What Will Be Underneath Your New Roof?
If you are building or renovating your home, you may have considered which materials you want to use for your floor and walls, but have you given much thought to the roof that will protect your property? In addition to the materials used for your roof, you must also think about how your roof will be supported. In most cases, your roof will be held up by roof trusses. Steel or timber trusses will carry the weight of the slate, tiles or metal from which the roof is constructed. The trusses are fixed together with bolts or nails to make a strong, supportive base for your roof.
Installing your roof trusses
In the past, it used to be common for most roof trusses to be shaped and cut to size at the building site as they were placed in position. Today, it is far more common for the trusses to be prepared to the exact size when they are manufactured so that when the trusses are brought to the site, they can be lifted straight into position. This approach is designed to save you time so that the construction process can be completed faster.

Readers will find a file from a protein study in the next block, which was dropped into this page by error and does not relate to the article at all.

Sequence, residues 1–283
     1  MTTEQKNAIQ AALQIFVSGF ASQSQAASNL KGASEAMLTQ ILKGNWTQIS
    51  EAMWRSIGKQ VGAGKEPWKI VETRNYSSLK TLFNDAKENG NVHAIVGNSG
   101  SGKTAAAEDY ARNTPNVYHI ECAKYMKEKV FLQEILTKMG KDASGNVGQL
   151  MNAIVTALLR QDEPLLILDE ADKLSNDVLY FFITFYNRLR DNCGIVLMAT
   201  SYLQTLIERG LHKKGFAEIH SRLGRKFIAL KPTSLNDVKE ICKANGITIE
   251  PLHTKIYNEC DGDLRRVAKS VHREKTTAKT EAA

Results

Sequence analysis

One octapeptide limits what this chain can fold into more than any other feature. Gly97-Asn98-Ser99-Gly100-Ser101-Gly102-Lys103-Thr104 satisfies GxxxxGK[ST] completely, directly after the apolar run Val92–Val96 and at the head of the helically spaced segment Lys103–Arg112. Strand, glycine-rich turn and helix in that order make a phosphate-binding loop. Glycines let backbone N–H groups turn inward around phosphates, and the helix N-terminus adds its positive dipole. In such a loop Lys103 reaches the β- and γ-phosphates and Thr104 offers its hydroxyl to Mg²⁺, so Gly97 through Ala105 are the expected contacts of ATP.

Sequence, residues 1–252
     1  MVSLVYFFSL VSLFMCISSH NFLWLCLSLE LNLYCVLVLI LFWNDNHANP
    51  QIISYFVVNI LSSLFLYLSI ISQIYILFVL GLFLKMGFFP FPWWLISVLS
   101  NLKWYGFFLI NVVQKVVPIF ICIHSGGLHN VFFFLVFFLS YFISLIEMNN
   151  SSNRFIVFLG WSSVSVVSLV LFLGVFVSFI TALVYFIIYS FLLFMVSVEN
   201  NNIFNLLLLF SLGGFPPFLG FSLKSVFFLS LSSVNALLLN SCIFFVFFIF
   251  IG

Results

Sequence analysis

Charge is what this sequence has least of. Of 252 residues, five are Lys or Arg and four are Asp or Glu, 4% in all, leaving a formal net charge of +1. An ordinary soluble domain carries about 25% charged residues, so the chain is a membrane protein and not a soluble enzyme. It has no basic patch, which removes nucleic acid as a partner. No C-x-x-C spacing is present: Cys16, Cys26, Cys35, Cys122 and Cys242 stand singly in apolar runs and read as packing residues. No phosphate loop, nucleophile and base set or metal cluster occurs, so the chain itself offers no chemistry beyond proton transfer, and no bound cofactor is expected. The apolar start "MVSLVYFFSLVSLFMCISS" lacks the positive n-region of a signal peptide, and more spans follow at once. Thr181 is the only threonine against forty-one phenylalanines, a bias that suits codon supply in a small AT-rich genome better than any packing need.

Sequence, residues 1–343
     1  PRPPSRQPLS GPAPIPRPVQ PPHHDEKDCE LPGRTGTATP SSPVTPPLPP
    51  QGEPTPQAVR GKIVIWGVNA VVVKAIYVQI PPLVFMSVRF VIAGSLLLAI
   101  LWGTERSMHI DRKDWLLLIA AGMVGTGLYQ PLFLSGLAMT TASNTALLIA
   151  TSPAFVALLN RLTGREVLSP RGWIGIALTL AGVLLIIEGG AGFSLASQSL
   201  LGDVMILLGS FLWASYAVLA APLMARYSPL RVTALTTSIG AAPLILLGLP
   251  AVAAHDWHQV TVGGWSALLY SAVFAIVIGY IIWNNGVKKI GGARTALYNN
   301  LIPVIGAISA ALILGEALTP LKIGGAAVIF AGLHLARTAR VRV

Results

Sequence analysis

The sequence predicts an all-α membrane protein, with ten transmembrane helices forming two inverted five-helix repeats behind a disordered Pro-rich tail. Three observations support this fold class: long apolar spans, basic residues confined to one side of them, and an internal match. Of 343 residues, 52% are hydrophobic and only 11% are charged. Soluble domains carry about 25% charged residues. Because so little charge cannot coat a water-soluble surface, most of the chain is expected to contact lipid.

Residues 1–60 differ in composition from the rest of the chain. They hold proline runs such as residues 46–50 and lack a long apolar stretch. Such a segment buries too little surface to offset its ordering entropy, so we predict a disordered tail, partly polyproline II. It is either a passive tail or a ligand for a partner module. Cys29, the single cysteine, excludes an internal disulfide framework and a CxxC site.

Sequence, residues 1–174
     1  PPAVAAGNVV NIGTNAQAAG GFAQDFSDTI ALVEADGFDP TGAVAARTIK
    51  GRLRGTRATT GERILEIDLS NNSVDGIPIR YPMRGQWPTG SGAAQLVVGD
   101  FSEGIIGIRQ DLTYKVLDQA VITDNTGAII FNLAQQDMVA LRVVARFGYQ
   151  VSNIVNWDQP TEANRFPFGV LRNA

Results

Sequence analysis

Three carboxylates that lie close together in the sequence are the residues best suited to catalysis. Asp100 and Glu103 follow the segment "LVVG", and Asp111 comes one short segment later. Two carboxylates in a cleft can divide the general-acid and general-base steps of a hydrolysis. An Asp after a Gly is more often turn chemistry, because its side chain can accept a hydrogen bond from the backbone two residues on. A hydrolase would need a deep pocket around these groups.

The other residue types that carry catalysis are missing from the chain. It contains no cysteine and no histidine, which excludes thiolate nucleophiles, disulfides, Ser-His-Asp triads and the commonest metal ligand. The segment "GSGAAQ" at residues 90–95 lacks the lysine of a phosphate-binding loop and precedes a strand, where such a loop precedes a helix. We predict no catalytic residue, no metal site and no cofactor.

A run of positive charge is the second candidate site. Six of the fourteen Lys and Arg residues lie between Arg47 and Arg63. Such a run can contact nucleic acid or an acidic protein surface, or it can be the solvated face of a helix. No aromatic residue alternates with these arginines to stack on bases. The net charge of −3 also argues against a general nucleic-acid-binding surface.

Which type of trusses should you use?
Deciding to use roof trusses is a good first step, but the next question you must answer is 'What type of truss would be best?' There are a variety of styles of roof truss you could consider, depending on the shape of your roof space and the type of roof you will be supporting. Here are the three most popular types of trusses:
- King post truss
- Queen post truss
- Scissor truss
The king post truss is known for its durability. Comprising two rafters on a vertical middle post and a tie beam, it is designed to carry weight for a prolonged period. The queen post truss is similar but possesses two upright posts rather than the single post found on the king post. Having two posts means that the queen post truss is perfect for covering a larger span. With the addition of spliced joints, the span can become even bigger allowing for vaulted ceilings.
The scissor truss does, as its name suggests, resemble a pair of scissors. The lower half of truss crosses one over another before connecting to the upper section.
In many cases, your architect will already have a good idea of the type of roof trusses that they want to use in your home, but if you have a particular design in mind, you should discuss it with the architect. He or she will be able to explain how to best achieve the effect you are seeking.
Contact a company like Prefab Technology Pty Ltd for more information.